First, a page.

Many guides tell you what to do and where to live in Munich when you visit it for a couple days. But, what if you’re here to stay? Maybe you're moving here to study abroad, start an internship or make moves in your career?
As soon as you know Munich is your destination, the next step is to find the perfect accommodation for your new life in this bustling city.
In this guide, we'll help you find the best Munich neighbourhood for your new home!
Munich is a beautiful city with numerous districts that all have their own distinct character and charm.
As most Germans will tell you, Munich is also one of the more expensive cities in Germany. So, regardless of where you'll go, pricing is going to be above the national average.
Thankfully, most internships and jobs have salaries to match!
Besides your budget, the best neighbourhood to live in in Munich for internationals like you is going to have different requirements at different stages of your adventures abroad.
So let’s zoom in on the best neighbourhoods for:
As a student, the requirements for the best neighbourhood mean finding a fine balance between affordability (as far as that’s possible in Munich), the distance to your academic institution and the city’s entertainment.
We recommended these Munich neighbourhoods:
Schwabing, to the north of the Altstadt City centre, is a district in Munich that’s captured the hearts of many artists. Its streets are filled with a bohemian air, boutiques and small art galleries.
The Schwabing neighbourhood is quite popular among students due to the Ludwig-Maximilians-Universität (LMU) campus, the Technical University of Munich and the Munich Academy of Fine Arts located in the neighbouring district Maxvorstadt.
Though it’s somewhat far from the city centre, this area of Munich is easily accessible by metro or tram. You can also easily explore Schwabing with its various bars, restaurants and other hangout spots as well as its neighbouring areas by bike or walking.
The area of Schwabing spreads between Olympiapark and English Garden - both lovely destinations for a walk in nature. Here, you’d also be close to Südliche Fröttmaninger Heide, a beautiful nature preserve.
Schwabing is well known for its historic architecture called Altbauwohnungen, giving the neighbourhood its classic look favoured by the hipster crowd. This has led to gentrification in recent years, making Schwabing a more and more coveted residential area.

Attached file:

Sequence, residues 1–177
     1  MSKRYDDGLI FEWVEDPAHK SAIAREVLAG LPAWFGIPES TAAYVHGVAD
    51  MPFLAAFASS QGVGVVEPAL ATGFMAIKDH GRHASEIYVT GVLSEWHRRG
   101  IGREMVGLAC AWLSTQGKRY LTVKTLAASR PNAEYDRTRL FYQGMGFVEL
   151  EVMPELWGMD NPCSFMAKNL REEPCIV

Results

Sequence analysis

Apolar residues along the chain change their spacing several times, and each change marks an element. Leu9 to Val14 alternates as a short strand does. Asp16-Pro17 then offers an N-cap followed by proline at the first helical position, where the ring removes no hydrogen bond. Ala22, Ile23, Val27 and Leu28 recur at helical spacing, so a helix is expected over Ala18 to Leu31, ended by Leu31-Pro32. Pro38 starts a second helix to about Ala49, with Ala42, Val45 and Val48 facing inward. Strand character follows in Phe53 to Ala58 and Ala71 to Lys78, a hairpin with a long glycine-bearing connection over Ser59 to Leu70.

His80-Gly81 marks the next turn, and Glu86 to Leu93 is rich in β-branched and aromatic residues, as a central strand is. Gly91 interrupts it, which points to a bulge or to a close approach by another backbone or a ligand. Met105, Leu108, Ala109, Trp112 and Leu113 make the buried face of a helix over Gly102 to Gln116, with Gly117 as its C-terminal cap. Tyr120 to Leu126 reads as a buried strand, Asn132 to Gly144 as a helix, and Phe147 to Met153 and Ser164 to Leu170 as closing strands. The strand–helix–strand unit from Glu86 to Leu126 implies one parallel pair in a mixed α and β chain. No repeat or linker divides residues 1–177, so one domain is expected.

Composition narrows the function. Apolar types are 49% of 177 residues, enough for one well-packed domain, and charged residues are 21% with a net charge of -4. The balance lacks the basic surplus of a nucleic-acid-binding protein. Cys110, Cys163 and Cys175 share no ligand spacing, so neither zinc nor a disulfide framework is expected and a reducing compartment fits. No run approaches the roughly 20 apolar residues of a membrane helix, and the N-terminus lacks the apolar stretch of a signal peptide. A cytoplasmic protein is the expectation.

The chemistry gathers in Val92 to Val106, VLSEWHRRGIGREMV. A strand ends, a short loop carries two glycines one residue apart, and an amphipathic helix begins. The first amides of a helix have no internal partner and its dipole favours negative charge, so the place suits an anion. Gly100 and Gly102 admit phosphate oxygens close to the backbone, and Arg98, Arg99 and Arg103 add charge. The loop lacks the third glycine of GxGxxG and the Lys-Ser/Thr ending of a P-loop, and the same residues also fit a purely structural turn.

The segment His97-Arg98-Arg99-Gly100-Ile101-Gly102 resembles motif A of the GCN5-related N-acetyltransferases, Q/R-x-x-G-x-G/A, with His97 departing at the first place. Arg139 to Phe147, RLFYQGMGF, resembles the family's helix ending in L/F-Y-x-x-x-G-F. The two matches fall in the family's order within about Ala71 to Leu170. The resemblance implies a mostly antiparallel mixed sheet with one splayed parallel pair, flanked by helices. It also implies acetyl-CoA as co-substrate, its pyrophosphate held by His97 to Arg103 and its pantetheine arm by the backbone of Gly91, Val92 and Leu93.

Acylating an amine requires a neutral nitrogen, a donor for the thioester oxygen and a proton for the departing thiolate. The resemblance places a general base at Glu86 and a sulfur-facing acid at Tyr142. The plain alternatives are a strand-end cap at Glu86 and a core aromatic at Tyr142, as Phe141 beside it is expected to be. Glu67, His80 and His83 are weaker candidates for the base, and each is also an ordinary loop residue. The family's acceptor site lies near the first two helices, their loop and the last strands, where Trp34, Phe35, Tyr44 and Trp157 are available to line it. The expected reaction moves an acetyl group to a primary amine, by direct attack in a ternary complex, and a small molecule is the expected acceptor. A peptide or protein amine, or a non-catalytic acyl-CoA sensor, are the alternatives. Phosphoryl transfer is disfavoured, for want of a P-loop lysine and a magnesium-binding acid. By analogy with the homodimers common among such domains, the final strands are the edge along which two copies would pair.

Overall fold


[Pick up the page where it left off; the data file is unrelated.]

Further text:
Here you’ll find a wide range of accommodation options, from some of the most exclusive residencies to old-style student apartments.
Schwabing in Munich’s social and creative hub, attracting heaps of students and creatives, both local and international. You won’t have issues finding a fellow expat here!
Schwabing is one of the quietest and safest areas in Munich.
If you feel like you can’t afford Munich's high price tag you’re not alone. Luckily for students like you, Munich has lovely suburbs!
Garching is a university town that is only 20-30 minutes away from Munich city centre by U6. It has a large academic campus, housing several departments of the Technical University as well as the LMU. Additionally, this Munich’s suburb is home to some advanced research facilities, including a research nuclear reactor!
Though the town itself doesn’t compare to Munich in terms of nightlife, it has the necessary restaurants, bars, a park and, no surprise with so many students nearby, a biergarten.
Due to its research facilities and affordability, Garching attracts many international students, young professionals and families.
Munich's suburbs are considered a very safe and quiet area.
The Glockenbachviertel is an upcoming and popular district, officially part of Isarvorstadt.
With its position close to the river Isar and the city centre, an abundance of bars, shops and restaurants as well as its lively nightlife, this Munich neighbourhood has everything you dream of as an international student in Munich.
For some, this area offers something extra, as it’s also the jewel in the crown for the LGBTQ community in Munich! Additionally, Glockenbach is relatively close to the various academic institutions in the city, meaning a bike ride or a 15 minute trip by public transport can get you where you need to be.